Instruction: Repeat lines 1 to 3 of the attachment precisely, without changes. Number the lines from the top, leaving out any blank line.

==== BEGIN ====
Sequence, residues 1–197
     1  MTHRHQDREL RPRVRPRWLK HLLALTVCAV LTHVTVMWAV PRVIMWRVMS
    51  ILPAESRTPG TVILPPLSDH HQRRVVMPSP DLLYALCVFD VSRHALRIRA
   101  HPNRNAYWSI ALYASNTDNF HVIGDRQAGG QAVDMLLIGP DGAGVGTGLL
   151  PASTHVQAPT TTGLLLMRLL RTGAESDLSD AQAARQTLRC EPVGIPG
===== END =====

Sequence, residues 1–197
     1  MTHRHQDREL RPRVRPRWLK HLLALTVCAV LTHVTVMWAV PRVIMWRVMS
    51  ILPAESRTPG TVILPPLSDH HQRRVVMPSP DLLYALCVFD VSRHALRIRA